CommInsure’s managing director Helen Troup was asked about the bank’s lowballing of a heart attack victim.
Commonwealth Bank’s decision not to update the medical definition for heart attack in line with global standards saved the bank $2.5 million but put it on a collision course with the public, the HayneÂ commission has heard.
It was another dark day for the insurance industry on Wednesday as the commission highlighted a litany of denials and delays of claims by life insurers. Westpac was singled out for taking an average of 184 days to make good on its trauma policies.
The penny pinching antics of Commonwealth Bank were however the main event, and counsel assisting the commission Rowena Orr, QC, took CommInsure’s managing director Helen Troup through events that included the bank lowballingÂ a heart attack victim and misleadingÂ the Financial Ombudsman Service.
The bank was embroiled in a dispute with a policy holder who suffered a heart attack on January 5, 2014 whose claim was denied because he met only the definition for coronary artery angioplasty but not a heart attack. That was because his reading of troponin, which is used to diagnose a heart attack, was 1.9 micrograms per litre, below a reading of 2.0 micrograms per litre required under CommInsure’s policy.
Backdate to 2007
The experiences of the insurance policy holder were similar to those uncovered in a joint ABC/Fairfax investigation that sparked an inquiry by the corporate regulator and attracted widespread condemnation from the public.
The global definition for heart attacks by the world heart federation was updated in 2007, however Commonwealth Bank did not update its definition until 2016, at which time it backdated policies.
But the policies were backdated to only May 2014 against the advice of its chief medical officer William Monday, who said “in the ideal world I would personally move to the universal definition from 2007” and also recommended broadening the definitions to reduce the risk of excluding women.
Actuarial analysis performed by the bank forecast a rise in costs of between $7 million and $22 million following the change however the bank would ultimately only pay another $2.5 million in claims.
The policy holder filed a complaint before escalating the issue to Ombudsman at which point CommInsure attempted to lobby the Ombudsman to have the complaint thrown out on the basis that it was a matter for commercial judgment for the company.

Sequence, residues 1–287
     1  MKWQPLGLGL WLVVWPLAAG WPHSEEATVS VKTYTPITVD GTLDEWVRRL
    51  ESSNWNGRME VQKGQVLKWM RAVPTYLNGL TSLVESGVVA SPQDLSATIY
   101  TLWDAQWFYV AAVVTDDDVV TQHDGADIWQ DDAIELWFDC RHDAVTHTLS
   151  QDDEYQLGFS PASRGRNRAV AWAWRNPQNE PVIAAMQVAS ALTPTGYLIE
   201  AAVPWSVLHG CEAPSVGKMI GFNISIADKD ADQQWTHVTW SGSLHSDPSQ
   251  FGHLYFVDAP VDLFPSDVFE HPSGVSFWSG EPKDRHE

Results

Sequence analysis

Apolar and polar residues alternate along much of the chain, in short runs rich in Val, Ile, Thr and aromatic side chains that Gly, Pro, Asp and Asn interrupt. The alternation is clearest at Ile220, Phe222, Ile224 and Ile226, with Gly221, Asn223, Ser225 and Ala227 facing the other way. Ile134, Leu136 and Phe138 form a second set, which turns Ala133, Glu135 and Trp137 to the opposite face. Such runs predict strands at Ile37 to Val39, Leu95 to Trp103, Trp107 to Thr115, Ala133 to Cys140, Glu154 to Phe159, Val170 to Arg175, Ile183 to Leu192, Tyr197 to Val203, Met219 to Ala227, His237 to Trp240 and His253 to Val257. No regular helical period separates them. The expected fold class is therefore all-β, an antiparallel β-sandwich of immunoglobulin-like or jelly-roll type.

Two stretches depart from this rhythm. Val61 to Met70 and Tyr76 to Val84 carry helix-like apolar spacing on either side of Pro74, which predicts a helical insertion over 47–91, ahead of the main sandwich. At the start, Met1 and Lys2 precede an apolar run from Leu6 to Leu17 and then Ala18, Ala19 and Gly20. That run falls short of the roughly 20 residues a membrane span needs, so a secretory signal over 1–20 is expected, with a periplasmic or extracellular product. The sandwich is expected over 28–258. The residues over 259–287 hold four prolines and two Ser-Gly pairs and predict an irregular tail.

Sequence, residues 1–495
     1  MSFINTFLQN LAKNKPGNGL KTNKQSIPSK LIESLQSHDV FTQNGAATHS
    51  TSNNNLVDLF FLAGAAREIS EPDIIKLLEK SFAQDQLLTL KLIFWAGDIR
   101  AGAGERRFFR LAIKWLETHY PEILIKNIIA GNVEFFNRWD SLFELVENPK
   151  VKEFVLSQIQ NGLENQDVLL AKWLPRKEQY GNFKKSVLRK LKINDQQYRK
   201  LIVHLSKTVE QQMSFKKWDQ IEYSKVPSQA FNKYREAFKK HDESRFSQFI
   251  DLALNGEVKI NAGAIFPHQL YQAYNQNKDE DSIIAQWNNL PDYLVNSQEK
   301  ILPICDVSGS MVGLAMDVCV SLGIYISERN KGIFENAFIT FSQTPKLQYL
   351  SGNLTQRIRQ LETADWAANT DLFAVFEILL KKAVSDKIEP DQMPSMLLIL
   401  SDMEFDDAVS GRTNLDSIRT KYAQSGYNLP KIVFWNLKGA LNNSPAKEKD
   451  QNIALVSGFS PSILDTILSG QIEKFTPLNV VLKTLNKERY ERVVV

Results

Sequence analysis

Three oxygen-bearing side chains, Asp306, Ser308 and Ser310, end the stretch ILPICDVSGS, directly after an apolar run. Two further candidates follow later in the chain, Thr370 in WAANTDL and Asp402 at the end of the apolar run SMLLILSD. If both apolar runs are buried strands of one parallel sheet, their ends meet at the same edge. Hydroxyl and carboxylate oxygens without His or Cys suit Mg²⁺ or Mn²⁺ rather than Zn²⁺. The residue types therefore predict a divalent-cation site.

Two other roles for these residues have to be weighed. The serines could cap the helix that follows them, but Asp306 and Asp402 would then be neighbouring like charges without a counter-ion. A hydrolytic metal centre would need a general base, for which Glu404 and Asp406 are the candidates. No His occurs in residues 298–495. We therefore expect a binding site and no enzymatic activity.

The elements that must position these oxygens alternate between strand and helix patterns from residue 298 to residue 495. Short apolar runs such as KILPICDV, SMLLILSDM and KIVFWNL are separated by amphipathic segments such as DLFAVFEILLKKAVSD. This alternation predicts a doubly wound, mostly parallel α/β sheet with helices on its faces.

“Is it standard practice to look for ways to challenge FOS’s jurisdiction when a customer looks to FOS?” Ms Orr asked.
“I don’t believe so,” Ms Troup replied.
CommInsure made repeated attempts to have the case thrown out.
It also redacted medical opinion that made findings in favour of the policyholder, misleading the Ombudsman during its negotiations.
It eventually made an ex-gratia payment of $90,000 to the man, on top of an earlier payment of $10,000.
The hearing revealed the Australian Securities and Investments Commission found CommInsure’s withholding of information meant it was likely to mislead the Ombudsman, but it took no further action other than recommending it does not mislead the Ombudsman again and implement the recommendations from its internal audit.
The hearing also revealed from at least 2012, CommInsure knew its definition of heart attack did not reflect the universal definition, but it wasn’t until the very last minute it agreed to backdate its definition to an earlier date of October 2012.
The night before the regulator was due to publish a media release on its CommInsure investigation,Â the CommInsure board tasked Ms Troup and Annabel Spring with backdating the updated definition to an earlier date.
Ms Spring is the former boss of Commonwealth’s wealth management arm who left the business as part of an executive shake-up in 2017.
No financial consequences
Over a late night phone call to ASIC’s senior executive leader Michael Sadaat, Ms Troup informed him of the last-minute change and the regulator sent out a media release the next day noting CommInsure’s decision to voluntarily backdate the updated definition.
Internal emails from Commonwealth Bank staff following the publication of the review a few days later show the insurerÂ was happy with the outcome.
“There were some extremely serious allegations made against CommInsure on the Four Corners program and they were found to be unsubstantiated, and that was a very good outcome,” Ms Troup said.
When asked if she suffered any financial consequences as a result of CommInsure’s behaviour Ms Troup said a portion of her bonus was paid late.
CommInsure’s Ms Troup will return to continue her evidence on Thursday.